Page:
Endometriosis is usually treated with hormone-based medicines. This helps to regulate oestrogen to:

  • slow the growth of endometrial tissue
  • prevent bleeding

These therapies are usually contraceptive, like the oral contraceptive pill ('the pill') or a contraceptive implant or an intrauterine device (IUD) and prevent pregnancy.

If you have endometriosis, you can also have surgery to remove the tissue.

Endometriosis symptoms may be eased by using pain relief. If your pain is not improved with over-the-counter pain relief medication – speak to your doctor.

Always check with your doctor or pharmacist before you use complementary treatments, as they may interfere with prescribed medicines.

If your endometriosis does not cause you symptoms, you may not need treatment.

Can endometriosis be prevented?

Endometriosis can't be prevented but staying healthy might help with your symptoms. Things that can help you manage pain include:

Complications of endometriosis

Endometriosis may affect your ability to get pregnant.

How can endometriosis affect my fertility?

Many women with endometriosis fall pregnant naturally. But about one in three women with endometriosis have trouble getting pregnant.

To get pregnant, an egg needs to be released from one of your ovaries. The egg then needs to travel through the fallopian tube. Most eggs are fertilised by sperm in one of the fallopian tubes. The fertilised egg then needs to attach to the lining of the uterus.

Endometriosis may prevent a pregnancy because the extra tissue may:

  • stop your ovary from releasing eggs
  • block your fallopian tubes
  • prevent the egg from implanting in your uterus

Endometriosis might also produce chemicals that interfere with the hormones that are needed to become pregnant.

Although it can be harder to get pregnant, most people with endometriosis are still able to have children.

How can endometriosis affect pregnancy?

Research looking at the effect of endometriosis on pregnancy hasn’t clearly shown any complications or risks during pregnancy.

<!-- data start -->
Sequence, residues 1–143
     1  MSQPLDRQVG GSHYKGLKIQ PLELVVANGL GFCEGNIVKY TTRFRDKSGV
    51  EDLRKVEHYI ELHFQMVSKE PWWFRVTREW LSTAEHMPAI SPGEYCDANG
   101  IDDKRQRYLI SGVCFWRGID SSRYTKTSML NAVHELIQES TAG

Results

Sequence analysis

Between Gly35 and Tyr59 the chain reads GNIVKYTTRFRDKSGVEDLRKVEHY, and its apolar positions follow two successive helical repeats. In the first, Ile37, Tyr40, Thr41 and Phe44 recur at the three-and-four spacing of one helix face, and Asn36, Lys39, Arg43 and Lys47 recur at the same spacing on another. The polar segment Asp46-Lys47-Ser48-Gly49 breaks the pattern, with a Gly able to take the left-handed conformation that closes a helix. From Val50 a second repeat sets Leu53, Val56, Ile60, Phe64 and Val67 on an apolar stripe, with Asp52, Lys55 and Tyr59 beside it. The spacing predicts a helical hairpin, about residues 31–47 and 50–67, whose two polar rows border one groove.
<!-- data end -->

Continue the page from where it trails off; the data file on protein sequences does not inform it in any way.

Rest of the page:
Some studies say that endometriosis does not have a big effect on pregnancy. Other studies say that endometriosis might increase the risk of complications such as a miscarriage.

The hormones produced by endometriosis may also impact the hormones needed for the embryo to develop.

Most people with endometriosis will have a normal pregnancy. Extra monitoring is usually not recommended, but this is something to discuss with your doctor.

Read more about staying healthy while you are pregnant.

During pregnancy, endometriosis can improve but it often comes back later and may cause problems becoming pregnant again.

Resources and support

In Australia, endometriosis and pelvic pain clinics are now being established and funded by the Department of Health and Aged Care. You can visit their website to find a clinic near you.

You can also visit the Endometriosis Australia website to:

For further information about endometriosis, you can visit:

Speak to a maternal child health nurse

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Last reviewed: December 2023

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Endometriosis | Your Fertility

About one-third of people with endometriosis have difficulties getting pregnant, but treatment options are available. Read more about endometriosis at Your Fertility.